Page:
The teaching of man is that nations have been given the authorization from God to wage war. They, in turn, have authority from God to force a citizen to take up arms against a citizen of another country. The citizen is then required to kill other human beings.
Has Almighty God given nations authority to cause Christians in one country to slay Christians in another country? Christian against Christian, brother against brother, race against race? This is confusion. It is Babylon. IT IS WRONG! It did not come from the Bible. It did not come from the teachings of Jesus Christ. It did not even come from the original leaders of the Catholic Church, as this chapter will prove unmistakably.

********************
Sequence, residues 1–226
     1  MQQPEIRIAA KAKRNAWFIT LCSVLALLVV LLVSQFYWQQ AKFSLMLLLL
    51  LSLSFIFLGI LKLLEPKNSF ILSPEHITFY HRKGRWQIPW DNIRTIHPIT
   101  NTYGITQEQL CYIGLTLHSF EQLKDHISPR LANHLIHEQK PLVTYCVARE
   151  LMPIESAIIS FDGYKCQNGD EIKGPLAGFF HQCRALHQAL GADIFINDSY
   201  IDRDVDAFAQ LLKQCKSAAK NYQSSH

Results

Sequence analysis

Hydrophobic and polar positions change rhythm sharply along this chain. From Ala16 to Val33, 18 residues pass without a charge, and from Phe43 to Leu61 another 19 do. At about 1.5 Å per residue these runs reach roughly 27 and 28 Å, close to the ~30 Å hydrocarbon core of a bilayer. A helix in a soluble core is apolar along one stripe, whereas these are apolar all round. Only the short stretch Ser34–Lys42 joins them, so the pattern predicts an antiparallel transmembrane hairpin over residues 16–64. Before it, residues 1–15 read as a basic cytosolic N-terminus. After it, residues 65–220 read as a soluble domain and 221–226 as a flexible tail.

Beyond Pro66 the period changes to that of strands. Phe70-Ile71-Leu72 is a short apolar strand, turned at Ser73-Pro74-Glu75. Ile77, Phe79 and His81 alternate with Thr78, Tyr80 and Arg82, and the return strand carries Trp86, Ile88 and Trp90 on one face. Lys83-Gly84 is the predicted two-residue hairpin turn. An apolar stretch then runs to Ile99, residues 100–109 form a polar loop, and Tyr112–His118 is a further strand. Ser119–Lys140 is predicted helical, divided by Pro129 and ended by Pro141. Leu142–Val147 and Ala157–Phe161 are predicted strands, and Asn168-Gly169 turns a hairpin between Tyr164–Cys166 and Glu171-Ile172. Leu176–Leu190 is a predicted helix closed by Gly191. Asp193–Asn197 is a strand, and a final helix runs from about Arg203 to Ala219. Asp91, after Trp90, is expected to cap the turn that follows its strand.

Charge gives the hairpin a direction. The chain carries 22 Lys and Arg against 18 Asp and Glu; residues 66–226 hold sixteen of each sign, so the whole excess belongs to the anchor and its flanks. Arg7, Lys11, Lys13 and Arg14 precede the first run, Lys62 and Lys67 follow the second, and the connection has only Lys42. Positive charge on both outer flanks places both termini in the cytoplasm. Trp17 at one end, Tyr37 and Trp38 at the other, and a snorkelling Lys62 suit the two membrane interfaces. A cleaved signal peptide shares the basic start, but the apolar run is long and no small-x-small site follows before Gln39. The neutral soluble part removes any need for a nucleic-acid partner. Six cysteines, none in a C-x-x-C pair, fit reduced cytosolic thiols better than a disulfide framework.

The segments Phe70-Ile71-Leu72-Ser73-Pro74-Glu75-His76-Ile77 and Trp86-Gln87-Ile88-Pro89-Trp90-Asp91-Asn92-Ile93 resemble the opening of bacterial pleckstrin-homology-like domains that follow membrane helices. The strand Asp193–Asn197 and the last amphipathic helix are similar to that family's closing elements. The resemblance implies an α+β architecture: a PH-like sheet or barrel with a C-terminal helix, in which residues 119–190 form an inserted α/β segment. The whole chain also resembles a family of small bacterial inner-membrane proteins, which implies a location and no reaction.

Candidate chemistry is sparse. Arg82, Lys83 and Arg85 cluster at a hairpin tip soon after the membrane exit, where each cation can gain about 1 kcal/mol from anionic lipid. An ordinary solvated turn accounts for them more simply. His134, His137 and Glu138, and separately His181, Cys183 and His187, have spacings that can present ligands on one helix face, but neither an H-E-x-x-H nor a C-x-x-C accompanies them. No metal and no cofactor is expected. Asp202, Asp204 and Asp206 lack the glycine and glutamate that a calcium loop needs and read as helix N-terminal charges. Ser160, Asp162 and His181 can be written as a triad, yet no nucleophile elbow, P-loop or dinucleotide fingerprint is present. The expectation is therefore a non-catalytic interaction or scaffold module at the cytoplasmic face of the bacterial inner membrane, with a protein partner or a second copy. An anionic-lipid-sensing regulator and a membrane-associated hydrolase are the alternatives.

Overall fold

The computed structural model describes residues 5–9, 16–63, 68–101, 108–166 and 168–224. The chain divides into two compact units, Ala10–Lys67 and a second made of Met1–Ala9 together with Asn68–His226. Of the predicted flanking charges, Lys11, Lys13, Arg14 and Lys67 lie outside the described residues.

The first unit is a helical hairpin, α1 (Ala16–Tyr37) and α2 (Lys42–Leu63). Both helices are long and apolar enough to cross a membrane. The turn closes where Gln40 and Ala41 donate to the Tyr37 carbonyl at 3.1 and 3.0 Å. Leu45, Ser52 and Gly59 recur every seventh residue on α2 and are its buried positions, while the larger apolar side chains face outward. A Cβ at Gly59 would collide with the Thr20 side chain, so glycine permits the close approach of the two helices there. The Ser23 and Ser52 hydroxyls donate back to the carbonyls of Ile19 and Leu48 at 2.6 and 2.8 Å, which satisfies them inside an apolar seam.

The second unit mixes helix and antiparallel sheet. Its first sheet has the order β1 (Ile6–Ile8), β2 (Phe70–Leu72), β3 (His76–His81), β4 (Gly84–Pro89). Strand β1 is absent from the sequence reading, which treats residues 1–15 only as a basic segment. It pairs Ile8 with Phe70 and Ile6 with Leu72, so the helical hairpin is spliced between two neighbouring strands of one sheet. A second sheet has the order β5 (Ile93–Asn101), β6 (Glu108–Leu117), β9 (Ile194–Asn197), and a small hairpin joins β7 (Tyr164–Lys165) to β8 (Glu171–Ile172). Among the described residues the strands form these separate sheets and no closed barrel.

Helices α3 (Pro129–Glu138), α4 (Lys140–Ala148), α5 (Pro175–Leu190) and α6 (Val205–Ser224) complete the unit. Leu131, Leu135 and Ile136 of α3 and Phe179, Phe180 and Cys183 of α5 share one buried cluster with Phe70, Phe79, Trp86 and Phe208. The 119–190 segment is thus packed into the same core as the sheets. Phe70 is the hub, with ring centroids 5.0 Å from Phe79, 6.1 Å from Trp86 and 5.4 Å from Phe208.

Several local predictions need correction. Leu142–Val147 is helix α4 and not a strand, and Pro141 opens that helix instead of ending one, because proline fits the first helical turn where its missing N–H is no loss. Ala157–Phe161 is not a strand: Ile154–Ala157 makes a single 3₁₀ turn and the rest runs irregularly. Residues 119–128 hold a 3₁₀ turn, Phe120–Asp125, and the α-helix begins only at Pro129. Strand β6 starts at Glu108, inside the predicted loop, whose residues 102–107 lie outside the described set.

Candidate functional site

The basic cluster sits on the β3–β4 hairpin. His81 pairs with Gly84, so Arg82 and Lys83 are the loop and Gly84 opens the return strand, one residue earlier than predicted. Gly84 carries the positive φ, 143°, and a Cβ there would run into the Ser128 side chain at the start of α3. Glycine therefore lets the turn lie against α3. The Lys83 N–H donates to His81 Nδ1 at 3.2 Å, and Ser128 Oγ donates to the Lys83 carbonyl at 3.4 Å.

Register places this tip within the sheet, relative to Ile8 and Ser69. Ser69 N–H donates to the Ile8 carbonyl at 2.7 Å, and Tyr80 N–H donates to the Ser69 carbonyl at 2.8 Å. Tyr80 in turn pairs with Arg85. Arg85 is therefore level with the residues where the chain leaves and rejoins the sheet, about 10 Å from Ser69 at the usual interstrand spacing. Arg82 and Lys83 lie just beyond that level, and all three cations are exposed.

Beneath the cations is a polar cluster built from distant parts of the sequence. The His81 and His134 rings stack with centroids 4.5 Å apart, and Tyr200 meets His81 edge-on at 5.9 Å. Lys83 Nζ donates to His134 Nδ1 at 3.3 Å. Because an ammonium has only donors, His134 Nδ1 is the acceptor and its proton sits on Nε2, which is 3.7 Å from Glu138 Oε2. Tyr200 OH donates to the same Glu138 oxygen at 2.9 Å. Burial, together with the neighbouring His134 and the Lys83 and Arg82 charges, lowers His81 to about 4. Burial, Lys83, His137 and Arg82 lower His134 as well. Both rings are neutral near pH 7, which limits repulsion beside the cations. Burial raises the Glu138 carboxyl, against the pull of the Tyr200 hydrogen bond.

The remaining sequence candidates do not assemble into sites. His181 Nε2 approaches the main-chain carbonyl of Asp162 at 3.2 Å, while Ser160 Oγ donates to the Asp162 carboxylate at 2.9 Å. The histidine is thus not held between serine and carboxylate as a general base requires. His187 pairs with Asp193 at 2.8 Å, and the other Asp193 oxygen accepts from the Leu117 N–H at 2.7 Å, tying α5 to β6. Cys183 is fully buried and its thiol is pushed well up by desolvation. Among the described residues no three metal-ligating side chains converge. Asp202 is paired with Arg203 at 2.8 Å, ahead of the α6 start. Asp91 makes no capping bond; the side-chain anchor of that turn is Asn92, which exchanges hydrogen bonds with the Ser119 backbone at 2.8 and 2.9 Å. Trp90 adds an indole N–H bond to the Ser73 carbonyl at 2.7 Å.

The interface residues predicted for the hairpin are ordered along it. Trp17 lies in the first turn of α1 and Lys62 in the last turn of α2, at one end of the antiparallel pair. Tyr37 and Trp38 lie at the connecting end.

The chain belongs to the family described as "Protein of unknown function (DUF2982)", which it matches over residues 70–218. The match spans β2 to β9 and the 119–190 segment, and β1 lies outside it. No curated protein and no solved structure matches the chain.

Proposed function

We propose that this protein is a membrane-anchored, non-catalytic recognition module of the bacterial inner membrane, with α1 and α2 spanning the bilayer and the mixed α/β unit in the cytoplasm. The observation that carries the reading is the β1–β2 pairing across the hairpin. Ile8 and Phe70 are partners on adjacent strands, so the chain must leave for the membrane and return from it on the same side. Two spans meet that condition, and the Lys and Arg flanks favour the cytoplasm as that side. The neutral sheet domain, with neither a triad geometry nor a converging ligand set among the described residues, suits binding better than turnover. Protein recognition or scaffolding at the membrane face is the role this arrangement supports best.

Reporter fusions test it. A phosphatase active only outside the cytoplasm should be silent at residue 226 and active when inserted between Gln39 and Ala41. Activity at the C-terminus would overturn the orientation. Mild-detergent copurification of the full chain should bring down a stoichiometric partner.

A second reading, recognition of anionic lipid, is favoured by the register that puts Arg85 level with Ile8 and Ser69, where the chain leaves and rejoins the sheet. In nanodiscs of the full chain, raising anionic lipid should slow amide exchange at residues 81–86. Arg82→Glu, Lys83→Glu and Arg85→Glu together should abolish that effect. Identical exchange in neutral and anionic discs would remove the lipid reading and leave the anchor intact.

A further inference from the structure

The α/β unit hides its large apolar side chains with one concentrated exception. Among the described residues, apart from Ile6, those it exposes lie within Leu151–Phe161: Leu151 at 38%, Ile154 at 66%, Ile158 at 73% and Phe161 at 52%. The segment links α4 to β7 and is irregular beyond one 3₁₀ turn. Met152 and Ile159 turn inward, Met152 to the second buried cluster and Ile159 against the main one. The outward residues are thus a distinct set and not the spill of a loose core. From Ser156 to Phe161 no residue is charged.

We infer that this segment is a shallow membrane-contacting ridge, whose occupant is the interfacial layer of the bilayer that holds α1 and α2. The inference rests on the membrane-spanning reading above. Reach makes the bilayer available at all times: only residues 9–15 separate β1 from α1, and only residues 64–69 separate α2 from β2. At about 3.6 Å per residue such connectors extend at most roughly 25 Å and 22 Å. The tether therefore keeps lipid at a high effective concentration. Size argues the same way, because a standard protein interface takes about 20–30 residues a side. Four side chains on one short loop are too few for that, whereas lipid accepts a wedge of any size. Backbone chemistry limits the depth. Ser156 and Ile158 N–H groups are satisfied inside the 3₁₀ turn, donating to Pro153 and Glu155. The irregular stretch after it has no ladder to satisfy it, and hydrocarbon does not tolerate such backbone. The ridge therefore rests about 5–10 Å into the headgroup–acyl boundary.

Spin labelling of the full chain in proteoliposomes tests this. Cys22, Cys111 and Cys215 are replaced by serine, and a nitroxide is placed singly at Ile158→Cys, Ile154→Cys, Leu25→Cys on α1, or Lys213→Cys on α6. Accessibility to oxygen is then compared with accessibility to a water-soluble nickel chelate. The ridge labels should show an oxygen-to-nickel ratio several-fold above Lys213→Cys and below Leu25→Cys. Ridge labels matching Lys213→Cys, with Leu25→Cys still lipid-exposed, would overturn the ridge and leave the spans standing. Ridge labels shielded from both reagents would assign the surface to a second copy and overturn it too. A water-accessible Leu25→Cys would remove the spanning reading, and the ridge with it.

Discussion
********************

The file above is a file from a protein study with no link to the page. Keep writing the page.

What has led to this “about face” from the simple and plain teaching of Christ? What did happen, when did it happen, and who was involved in it?
The last chapter closed with events leading up to, and including the destruction of Jerusalem in A.D. 70. But, the Bible was not completely written in A.D. 70. Some books were not finished until about A.D. 96. In order to continue the historical account we must first look in the Bible, to the scriptures which were written after A.D. 70.
History Continues in the Bible
The Book of Revelation was inspired by Jesus Christ. It is His Revelation, His revealing, Revelation 1:1. It tells us some of the things that were taking place then, and those things which were going to happen very quickly.
Did Jesus Christ preach the same message through John in this book as He did before?
The things prophesied to “shortly come to pass” begin in chapters two and three. Here is an account of the seven eras of God’s Church. The first era was the Ephesian era. This era was one which would require much patience because of the terrible times of deception and trial.